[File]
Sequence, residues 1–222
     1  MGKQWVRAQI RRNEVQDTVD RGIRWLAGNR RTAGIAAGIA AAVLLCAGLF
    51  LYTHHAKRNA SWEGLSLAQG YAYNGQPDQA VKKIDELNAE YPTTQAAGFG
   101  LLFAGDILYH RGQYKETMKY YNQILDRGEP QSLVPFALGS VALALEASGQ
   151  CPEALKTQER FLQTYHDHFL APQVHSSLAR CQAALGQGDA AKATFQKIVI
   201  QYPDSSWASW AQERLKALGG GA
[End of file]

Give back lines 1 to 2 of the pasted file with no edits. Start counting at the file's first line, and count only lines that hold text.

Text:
Sequence, residues 1–222
     1  MGKQWVRAQI RRNEVQDTVD RGIRWLAGNR RTAGIAAGIA AAVLLCAGLF